Summary of the posts:
Sites visited: Hanga Roa
Sites visited: Ana Kai Tangata, Rano Kao, Orongo, Vai Atare, Vinapu
Sites visited: Anakena, Papa Vaka, Tongariki, Rano Raraku, Huri A Urenga
Sites visited: Tahai, Hanga Kio’e, Ana Te Pora, Ana Kakenga, Puna Pau, Akivi, Ana Te Pahu
Sites visited: Hanga Roa Museum, Poike, Vai A Heva
Having detailed my activities for each day on this marvellous island, I feel that it’d be appropriate to summarise the more tedious side of things (like logistics), in case anyone reading this fancies planning a holiday there (which you definitely definitely need to do)! (In case you were wondering why there’s no post for Day 6, it’s because it consisted of me waking up, packing, and going to the airport, which isn’t really that exciting)!
First of all, flights. These are available from Lan Chile from Santiago Airport “Aeropuerto Internacional Comodoro Arturo Merino Benítez” (SCL) to Easter Island Airport “Aeropuerto Internacional Mataveri” (IPC). Price is about £500-£600 ish (and you get loads of air miles from BA too).
Accommodation is pretty handy. I stayed at Residencial Vaianny, and got a private double room with private bathroom for about £20/night.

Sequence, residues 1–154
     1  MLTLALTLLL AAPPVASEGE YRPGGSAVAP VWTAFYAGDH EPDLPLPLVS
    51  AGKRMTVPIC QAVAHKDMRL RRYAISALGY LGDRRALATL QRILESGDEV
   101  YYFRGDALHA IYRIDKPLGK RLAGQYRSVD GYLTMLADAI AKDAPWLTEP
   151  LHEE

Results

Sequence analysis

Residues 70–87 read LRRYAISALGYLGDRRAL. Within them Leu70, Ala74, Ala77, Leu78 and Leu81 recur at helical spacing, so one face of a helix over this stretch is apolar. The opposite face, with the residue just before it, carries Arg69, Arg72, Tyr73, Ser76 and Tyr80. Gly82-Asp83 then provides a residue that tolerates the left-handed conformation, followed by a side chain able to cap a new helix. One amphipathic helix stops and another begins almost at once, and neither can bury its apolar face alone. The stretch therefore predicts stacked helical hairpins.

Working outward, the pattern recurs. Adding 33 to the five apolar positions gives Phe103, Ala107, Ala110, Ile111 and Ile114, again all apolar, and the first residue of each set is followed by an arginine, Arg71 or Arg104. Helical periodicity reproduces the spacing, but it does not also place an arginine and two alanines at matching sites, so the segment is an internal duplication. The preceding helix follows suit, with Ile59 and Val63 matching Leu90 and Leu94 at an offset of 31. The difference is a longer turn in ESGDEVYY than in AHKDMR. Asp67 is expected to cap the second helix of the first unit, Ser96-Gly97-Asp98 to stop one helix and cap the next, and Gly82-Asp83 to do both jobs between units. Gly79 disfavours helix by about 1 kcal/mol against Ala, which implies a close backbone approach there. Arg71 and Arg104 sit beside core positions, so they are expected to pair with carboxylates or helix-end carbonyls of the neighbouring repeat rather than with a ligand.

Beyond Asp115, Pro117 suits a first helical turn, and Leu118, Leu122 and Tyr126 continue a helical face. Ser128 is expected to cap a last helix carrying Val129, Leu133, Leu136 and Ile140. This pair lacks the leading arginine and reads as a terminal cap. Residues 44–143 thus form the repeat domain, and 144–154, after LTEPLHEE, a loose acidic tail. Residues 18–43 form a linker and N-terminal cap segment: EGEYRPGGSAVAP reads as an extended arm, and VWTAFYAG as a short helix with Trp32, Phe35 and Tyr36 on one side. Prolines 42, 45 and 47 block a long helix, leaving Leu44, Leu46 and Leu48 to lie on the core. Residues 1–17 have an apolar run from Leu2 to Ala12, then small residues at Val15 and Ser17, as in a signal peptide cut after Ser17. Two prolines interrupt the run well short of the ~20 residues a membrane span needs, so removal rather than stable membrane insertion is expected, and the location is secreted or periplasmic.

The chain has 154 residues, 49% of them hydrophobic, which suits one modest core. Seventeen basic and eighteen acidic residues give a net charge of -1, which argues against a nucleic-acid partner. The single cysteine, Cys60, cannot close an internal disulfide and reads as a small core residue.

The hostel put me in touch with Christophe the excellent tour guide. I’ve already linked to his website, but for the sake of completeness, the link is here. A private tour will cost between around £30 and £45, (half day and full day respectively per person). However, when a car costs about £30 to hire for the whole day (excluding petrol), a tour guide is infinitely more economical (as not only is all the transport included, but the knowledge of the sites is too). If you do book a tour with Christophe and have places that you’d especially like to see, then that’s no problem (it’s a private tour, you can see what you like)!
The guide book I got while I was there, but books in Chile are expensive. Buy it from Amazon before you go, it’s cheaper. If you aren’t doing a tour, then it’s well worth getting, as personally I found it more informative than the official leaflets. Also, it tells you about various places before, so you can decide which ones you’d like to visit (handy for when organising tours).
There is a lot of choice of places to eat, but food is expensive when compared to the mainland (or much more similar to London prices). A main course will probably set you back about £10 (so buying cheap food from the supermarket helps save money – I lived off a 500g bag of crisps for two days, not healthy, but very good value!).
Finally, you have to pay for an entry ticket to the Easter Island National Park to visit Orongo or Rano Raraku. This can be done upon arrival at the airport. A ticket (for non-Chilean nationals) costs about £40.
Anyway, sadly this posts concludes my series about my holiday to Easter Island, but if you have any further questions, feel free to ask me through the Suggestions Box page.